/Stocks Drop on Global Growth Worries

Stocks Drop on Global Growth Worries

Global stock markets fell at the start of the week on mounting concerns that weakening growth around the world could undermine this year’s rally.

European stocks opened lower, following a selloff in Asia. The Stoxx Europe 600 was down 0.5% in midmorning trade. Japan’s Nikkei 225 index dropped 3%, its biggest one-day decline this year.

On Wall Street, futures pointed to 0.2% opening falls for the S&P 500 and the Dow Jones Industrial Average.

Weak manufacturing data in the U.S. and Europe have added to investor concerns about a slowdown for global growth and fueled worries that it could unravel this year’s stock market upswing. Uncertainty about the outcome of trade talks between the U.S. and China and the outlook for Brexit have also hurt investor appetite for stocks and riskier assets.

Investors have instead sought safety in bonds, pushing the yield on 10-year Japanese government bonds to as low as negative 0.095%, their lowest point since August 2016. The German 10-year bund yield has also slipped into negative territory. U.S. Treasury yields were broadly stable Monday, trading at 2.463% from 2.459% Friday. Yields move inversely to prices.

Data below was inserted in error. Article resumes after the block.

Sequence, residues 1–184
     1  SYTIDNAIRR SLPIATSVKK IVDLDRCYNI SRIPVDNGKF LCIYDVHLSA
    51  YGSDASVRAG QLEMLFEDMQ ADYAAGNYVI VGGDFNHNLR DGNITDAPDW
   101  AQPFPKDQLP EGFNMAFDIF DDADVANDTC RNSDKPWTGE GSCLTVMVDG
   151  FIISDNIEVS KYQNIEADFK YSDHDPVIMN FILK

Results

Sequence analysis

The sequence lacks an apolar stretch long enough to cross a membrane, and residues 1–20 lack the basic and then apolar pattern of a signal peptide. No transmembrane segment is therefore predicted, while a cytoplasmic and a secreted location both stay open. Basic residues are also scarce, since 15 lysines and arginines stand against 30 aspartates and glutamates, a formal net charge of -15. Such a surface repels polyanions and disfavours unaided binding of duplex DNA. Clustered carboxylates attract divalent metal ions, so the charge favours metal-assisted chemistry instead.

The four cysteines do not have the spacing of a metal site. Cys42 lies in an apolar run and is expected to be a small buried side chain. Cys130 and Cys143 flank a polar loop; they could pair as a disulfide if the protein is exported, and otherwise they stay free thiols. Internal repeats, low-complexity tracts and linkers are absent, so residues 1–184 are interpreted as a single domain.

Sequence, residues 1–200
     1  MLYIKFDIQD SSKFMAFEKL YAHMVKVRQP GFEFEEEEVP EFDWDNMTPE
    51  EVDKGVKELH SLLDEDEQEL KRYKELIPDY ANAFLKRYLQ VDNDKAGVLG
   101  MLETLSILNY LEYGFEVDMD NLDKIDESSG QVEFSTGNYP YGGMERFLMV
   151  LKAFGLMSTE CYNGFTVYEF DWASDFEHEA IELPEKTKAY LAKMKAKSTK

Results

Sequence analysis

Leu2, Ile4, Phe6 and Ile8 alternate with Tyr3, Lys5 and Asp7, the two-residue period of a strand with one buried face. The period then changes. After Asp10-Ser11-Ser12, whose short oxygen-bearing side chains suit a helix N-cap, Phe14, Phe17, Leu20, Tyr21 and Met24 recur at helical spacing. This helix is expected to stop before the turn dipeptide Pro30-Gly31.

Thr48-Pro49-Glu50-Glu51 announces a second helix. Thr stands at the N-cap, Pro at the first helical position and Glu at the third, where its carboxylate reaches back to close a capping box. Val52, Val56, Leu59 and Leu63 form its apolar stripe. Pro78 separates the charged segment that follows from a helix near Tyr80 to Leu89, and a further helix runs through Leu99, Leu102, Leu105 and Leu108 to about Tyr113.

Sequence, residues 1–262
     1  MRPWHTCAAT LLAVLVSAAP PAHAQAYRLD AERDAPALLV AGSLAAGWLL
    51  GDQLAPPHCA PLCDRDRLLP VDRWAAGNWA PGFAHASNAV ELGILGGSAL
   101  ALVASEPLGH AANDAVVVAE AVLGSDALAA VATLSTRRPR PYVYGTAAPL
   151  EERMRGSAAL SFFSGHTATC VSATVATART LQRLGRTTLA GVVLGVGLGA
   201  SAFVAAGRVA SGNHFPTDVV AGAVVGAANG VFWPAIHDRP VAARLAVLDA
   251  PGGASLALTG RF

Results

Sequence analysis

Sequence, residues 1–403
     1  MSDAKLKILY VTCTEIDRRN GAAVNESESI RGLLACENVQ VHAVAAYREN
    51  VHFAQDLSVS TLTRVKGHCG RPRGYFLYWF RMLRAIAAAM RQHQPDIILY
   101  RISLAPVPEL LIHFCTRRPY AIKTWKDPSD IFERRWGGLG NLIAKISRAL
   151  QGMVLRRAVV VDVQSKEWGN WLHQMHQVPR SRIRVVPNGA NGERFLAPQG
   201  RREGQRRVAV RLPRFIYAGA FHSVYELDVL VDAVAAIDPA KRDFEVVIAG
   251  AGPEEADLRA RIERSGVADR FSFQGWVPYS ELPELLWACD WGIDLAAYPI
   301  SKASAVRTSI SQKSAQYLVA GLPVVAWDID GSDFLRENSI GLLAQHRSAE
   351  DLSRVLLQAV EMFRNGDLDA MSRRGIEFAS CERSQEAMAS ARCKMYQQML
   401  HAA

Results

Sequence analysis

A woman passes a board showing a Nikkei reading on Monday in Tokyo.

A woman passes a board showing a Nikkei reading on Monday in Tokyo.


charly triballeau/Agence France-Presse/Getty Images

“There’s a pretty obvious weakness in growth and markets need to come to terms with that,” said James Athey, senior investment manager at Aberdeen Standard Investments.

Data this week could enlighten the debate over whether the global economy is in the midst of a temporary dip or headed toward a more serious downturn, with fourth-quarter gross domestic product readings from the U.S., U.K., France and Canada on tap.

Major central banks, led by the Federal Reserve, have turned more dovish this year, which many investors see as another sign of an economic slowdown ahead.

At an investment conference in Hong Kong on Monday, Chicago Fed President Charles Evans, a voting member of the Federal Reserve’s interest-rate setting committee, said he didn’t expect an interest-rate increase in the U.S. until next year, probably in the second half.

“We’ve become accustomed to the market greeting dovish central bank turns with a bounce. Not now. The market wonders: What if the Fed is seeing something that we are not?” Mr. Athey said.

In currencies, the WSJ Dollar Index, which tracks the dollar against a basket of 16 currencies, was down 0.1%.

The British pound was down 0.2% as Brexit uncertainty continued to grip currency trading.

Prime Minister Theresa May is facing fresh questions about whether she can stay in office long enough to see Brexit through, as lawmakers enter another critical week of decisions over the U.K.’s departure from the European Union.

Brexit will continue “to dominate the news agenda. We doubt that things will be any clearer by the end of the week,” analysts at Societe Generale wrote in a note to clients.

Elsewhere in Asia, South Korea’s Kospi and Hong Kong’s Hang Seng Index fell 1.9% and 2%, respectively.

Brent crude, the global oil benchmark, was down 0.3%, while gold prices rose 0.3%.

Write to Georgi Kantchev at georgi.kantchev@wsj.com